“Today the Tennessee Legislature denied deserving young people across Tennessee the ability to improve their futures. Without the same opportunities given to their peers, young new Americans will continue to struggle in trying to attend college.
“It is a shame that our students, sitting in the gallery as this vote took place, had to witness such a lack of leadership in our state lawmakers. They have been deeply engaged in this process from the beginning, a testament to their desire for access to higher education and their dedication to civic engagement.
“Nashville is by far the city with the largest number of new American students in Tennessee, and this decision will have a tangible impact on our city as a whole. By essentially blocking their way into college, we are hampering their advancement in our community.
“We are thankful for the 49 members of the House who voted in favor of this, as well as bill sponsors Rep. Mark White and Sen. Todd Gardenhire, and especially grateful to the Tennessee Immigrant and Refugee Rights Coalition for leading this effort. We look forward to another vote on this matter next year and hope our state leaders will do the right thing for these students and their futures.”
Board Chair Cheryl Mayes has called a special School Board meeting to discuss House Bill 702 that would overhaul the State’s charter schools appeals process and the proposed amendment to restrict this legislation to five counties. A motion will be made to suspend the rules so appropriate actions may be taken by the Board.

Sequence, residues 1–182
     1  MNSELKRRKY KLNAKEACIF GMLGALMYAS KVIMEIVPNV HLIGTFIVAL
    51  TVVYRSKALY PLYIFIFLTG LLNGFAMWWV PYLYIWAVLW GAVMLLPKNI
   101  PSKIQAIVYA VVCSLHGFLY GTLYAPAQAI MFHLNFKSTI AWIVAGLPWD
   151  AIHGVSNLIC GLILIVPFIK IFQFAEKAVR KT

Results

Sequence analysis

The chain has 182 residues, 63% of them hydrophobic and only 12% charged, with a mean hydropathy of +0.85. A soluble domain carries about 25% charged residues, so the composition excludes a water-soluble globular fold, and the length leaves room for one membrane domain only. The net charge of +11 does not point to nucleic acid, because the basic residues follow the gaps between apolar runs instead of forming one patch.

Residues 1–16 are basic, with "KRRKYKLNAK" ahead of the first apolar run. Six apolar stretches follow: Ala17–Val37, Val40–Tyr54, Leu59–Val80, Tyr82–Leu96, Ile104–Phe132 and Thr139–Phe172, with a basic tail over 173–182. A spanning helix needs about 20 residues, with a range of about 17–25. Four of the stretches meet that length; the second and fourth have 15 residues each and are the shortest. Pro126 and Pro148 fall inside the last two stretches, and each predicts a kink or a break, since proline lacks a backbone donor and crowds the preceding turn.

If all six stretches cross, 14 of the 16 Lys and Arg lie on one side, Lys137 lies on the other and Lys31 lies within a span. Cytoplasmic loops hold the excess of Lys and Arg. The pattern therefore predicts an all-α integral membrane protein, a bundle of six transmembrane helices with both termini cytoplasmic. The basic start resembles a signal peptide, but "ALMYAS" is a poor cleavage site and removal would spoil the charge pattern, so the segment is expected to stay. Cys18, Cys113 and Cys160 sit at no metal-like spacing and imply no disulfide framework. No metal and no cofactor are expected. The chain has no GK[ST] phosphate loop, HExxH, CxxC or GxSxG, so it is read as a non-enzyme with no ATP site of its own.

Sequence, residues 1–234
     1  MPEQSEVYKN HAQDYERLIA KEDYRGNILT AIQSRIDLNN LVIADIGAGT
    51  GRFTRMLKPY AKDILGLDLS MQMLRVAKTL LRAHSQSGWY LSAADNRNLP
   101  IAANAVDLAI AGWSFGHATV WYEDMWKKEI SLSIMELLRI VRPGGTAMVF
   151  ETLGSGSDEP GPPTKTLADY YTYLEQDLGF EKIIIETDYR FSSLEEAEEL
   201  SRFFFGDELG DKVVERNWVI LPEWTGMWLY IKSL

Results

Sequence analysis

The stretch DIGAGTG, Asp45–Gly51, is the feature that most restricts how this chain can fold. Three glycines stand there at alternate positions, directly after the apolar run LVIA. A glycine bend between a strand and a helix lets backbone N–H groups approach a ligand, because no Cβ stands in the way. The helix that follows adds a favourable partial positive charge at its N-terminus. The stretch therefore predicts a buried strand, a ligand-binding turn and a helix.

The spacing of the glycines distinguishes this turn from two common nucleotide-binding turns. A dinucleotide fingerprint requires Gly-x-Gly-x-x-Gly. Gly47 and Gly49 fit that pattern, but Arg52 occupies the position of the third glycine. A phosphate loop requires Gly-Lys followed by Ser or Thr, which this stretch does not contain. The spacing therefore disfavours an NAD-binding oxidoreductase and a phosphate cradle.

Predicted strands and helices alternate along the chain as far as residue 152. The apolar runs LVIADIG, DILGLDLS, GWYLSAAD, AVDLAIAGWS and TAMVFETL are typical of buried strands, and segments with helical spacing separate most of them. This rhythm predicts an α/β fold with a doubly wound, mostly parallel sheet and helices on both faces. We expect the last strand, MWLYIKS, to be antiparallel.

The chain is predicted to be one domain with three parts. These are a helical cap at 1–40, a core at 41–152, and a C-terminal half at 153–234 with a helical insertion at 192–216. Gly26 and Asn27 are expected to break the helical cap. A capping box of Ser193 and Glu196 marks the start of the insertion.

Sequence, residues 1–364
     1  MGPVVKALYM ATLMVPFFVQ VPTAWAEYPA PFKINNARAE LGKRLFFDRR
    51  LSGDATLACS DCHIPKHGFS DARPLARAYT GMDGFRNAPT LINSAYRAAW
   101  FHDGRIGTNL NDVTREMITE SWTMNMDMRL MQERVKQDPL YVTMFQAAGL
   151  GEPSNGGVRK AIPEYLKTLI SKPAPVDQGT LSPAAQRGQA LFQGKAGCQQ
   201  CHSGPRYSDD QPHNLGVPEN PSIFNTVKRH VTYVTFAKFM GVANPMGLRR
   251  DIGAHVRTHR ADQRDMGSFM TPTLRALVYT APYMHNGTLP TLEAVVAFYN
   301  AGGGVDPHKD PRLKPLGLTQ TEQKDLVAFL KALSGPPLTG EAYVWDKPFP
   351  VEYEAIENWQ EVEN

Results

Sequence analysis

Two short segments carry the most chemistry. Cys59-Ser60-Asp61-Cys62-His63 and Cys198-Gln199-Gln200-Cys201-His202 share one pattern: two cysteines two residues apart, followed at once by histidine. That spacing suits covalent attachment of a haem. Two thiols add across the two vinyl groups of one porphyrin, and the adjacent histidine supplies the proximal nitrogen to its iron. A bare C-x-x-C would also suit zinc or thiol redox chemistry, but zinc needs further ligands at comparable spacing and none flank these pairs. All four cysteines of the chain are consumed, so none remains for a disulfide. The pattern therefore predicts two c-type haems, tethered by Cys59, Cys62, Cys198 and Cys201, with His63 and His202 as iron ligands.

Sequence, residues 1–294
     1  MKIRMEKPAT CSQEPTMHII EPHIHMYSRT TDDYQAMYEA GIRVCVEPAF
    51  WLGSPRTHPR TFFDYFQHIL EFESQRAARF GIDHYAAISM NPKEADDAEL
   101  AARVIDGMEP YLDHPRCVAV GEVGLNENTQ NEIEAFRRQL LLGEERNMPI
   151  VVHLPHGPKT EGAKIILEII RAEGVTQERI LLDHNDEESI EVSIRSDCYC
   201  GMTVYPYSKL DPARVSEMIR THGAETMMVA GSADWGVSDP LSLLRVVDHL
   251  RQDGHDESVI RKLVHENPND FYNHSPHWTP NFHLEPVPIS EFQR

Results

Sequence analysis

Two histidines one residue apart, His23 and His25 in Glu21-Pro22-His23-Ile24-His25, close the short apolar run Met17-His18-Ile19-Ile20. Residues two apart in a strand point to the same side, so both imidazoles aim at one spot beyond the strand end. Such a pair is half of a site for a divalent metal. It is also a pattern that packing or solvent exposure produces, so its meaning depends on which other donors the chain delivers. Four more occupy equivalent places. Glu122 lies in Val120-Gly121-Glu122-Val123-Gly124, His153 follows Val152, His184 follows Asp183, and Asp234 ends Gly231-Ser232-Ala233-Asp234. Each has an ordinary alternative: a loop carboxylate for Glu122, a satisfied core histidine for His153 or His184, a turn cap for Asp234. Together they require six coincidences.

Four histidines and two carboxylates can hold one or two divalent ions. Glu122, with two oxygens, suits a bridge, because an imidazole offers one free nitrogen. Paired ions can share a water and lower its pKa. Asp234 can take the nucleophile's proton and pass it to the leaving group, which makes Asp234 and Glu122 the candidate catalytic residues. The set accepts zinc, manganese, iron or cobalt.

Department of Education Commissioner Kevin Huffman has been invited.
On behalf of the Metropolitan Nashville Board of Public Education, I am writing to invite you to join members of the school board, the Metro Council and the Davidson County legislative delegation for a specially called meeting on Monday, April 1, at 3:30 p.m. to discuss House Bill 702, which would overhaul the state’s charter schools appeals process. This meeting will be held in the Board Room at Metro Nashville Public Schools, 2601 Bransford Avenue.
After working in good faith for weeks to reach a consensus with House Speaker Beth Harwell and representatives from the Tennessee Charter Schools Association and the Tennessee School Boards Association, we were surprised to hear of your last minute objections to the fiscal reassurances we requested. We believe the legislation, as amended in the House Budget Subcommittee, poses significant fiscal risks for Metro Nashville Public Schools and Davidson County taxpayers. Moreover, the bill appears to be constitutionally suspect due to the fact that it is drawn narrowly to focus only on the school districts in Nashville and Memphis.
In the spirit of collaboration, we would like to meet for an open and unvarnished conversation in hope of resolving our differences over this legislation and moving forward for the benefit of Nashville’s students and families. Please let me know if you are able to join us for a discussion about House Bill 702 and its impact on our $720 million operating budget, which accounts for 42 percent of the total Metro government budget.
Earlier this week, Governor Haslam noted that he is seeking fiscal assurances from the federal government in order to prevent Medicaid expansion from bankrupting Tennessee’s budget. MNPS is simply asking for the same kind of assurances to keep the proposed state charter appeals process from destabilizing our local budget. We know you agree that a stable, predictable appeals process is in everyone’s best interest – including prospective charter operators as well as existing charter schools and traditional schools that could be affected by this measure.
Thank you for your consideration. We hope to see you Monday afternoon.
Cheryl D. Mayes, Chair Metropolitan Nashville Board of Public Education